Democratic front-runner Hillary Clinton appears to be making progress toward regaining control of her campaign after three months in which questions about the past have sometimes overshadowed her focus on the future.
But only success in next year’s primaries and caucuses can validate those efforts and ease underlying concerns about her candidacy.
In a broad-ranging economic speech, she countered positions of both Republican and Democratic rivals and outlined her own policies, following up with well-crafted proposals to increase productivity through profit-sharing and revamp capital gains laws to reward longer-term investments.
After promptly endorsing the deal curbing Iran’s nuclear program, she underscored her political primacy with sessions bolstering backing from Democratic members of Congress and a strong performance at the first all-candidate Iowa “cattle show.”
She thus signaled her determination to run her campaign on her own terms, always a challenge in a day of instant news and multiple outlets.
In a sense, she is taking a page from the campaign manual of her husband, former President Bill Clinton, who built his successful 1992 campaign on a series of substantive speeches. But she also showed the methodical, issues-based approach aides say she has honed in three decades of public life.
“This is part of what she does, she grinds it out,” communications director Jennifer Palmieri told reporters at a breakfast sponsored by The Christian Science Monitor.
Her economic speech made short-term news by sharply criticizing three potential Republican rivals. But her main goal was to present “the platform upon which future policy proposals will rest,” policy adviser Jake Sullivan told the Monitor breakfast.
She chided former Florida Gov. Jeb Bush for saying Americans should work longer hours, said Wisconsin Gov. Scott Walker made his name “stomping on workers’ rights,” and called Florida Sen. Marco Rubio’s tax plan “a sure budget-busting giveaway to the super-wealthy.”
Her framework, which seeks to combine the goals of fairness and growth with proposals aimed at both current inequities and future challenges, received a mixed response.
The conservative editorial page of The Wall Street Journal said her agenda “sounded like a bootleg from President Obama’s stereo — with the volume turned up and stuck on repeat.” But conservative columnist David Brooks wrote in The New York Times that “she’s cleared the first political hurdle in this campaign” with an agenda that “will excite the progressive base without automatically alienating the rest of the country.”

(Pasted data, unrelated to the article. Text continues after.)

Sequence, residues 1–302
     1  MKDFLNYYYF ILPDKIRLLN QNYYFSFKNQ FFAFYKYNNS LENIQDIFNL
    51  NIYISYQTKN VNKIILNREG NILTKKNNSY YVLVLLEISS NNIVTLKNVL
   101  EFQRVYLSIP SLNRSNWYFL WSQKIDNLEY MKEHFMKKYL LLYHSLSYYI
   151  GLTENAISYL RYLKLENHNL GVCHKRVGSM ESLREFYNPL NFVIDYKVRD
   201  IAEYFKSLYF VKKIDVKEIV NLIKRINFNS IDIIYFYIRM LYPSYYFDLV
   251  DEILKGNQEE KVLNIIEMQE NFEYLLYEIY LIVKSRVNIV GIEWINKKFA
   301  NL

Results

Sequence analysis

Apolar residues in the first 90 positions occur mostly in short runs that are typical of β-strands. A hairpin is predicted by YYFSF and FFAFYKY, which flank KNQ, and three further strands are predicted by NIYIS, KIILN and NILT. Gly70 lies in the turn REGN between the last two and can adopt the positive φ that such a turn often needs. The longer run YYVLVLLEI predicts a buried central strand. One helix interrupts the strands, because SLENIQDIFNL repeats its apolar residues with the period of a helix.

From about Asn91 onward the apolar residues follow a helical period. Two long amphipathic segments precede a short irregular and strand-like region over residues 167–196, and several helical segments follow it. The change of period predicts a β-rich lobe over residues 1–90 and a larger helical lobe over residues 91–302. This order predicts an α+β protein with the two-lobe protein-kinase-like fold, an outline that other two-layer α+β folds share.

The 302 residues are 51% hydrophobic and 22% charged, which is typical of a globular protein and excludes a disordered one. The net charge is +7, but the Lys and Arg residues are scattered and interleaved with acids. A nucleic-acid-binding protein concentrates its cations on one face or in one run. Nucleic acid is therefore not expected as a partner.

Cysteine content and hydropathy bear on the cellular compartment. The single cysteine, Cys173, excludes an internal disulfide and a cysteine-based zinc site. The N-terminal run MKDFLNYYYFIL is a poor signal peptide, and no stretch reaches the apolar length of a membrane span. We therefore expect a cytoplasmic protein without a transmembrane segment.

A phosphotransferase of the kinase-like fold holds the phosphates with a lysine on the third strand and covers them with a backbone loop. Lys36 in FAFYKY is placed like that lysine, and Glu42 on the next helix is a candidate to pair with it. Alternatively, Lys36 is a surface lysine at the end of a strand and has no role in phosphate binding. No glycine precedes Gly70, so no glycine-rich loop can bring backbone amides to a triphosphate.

Though she didn’t mention any Democratic rivals, she echoed Vermont Sen. Bernie Sanders’ call for tougher policing of Wall Street and a higher minimum wage, though not his more sweeping proposals for a single-payer health system, breaking up the largest banks and tuition-free public colleges.
Like past front-runners, she has consistently avoided citing other candidates by name, reflecting her confidence she will be the Democratic nominee despite signs Sanders could pose a threat in the kickoff Iowa caucuses and New Hampshire primary.
When candidate debates start in October, she'll presumably engage more directly with her Democratic rivals, who also include former Maryland Gov. Martin O'Malley, former Virginia Sen. James Webb and former Rhode Island Sen. and Gov. Lincoln Chafee.
But she maintained her current approach in the first all-candidate event, last Friday night’s Iowa Democratic Party Hall of Fame Dinner.
The Des Moines Register’s Jennifer Jacobs credited Clinton with “the most impressive speech,” but said Sanders “generated big passion” despite a “clunkier” speech and cited O'Malley for “surprising some of the audience with his performance.”
Their comments provided a possible debate preview: Sanders called for a “political revolution,” and O'Malley matched his call for higher Social Security benefits and expanded government regulation, while Clinton combined populist rhetoric with more moderate proposals.
For now, Clinton can continue to set her own pace. But she faces continuing distractions, ranging from the latest Republican-generated congressional probe of her role in the 2012 Benghazi terrorist attack to polls like three this week in swing states showing potential weaknesses in her public standing.
Meanwhile, she needs to avoid self-induced blunders like the moving rope line with which campaign aides curbed press access at a New Hampshire parade or an apparent directive to her Iowa demonstrators who told the Register they “weren’t allowed” to talk to reporters.
Ultimately, only electoral successes next year can temper those problems — or prove them irrelevant.
Carl P. Leubsdorf is the former Washington bureau chief of the Dallas Morning News. Readers may write to him via email at: firstname.lastname@example.org.
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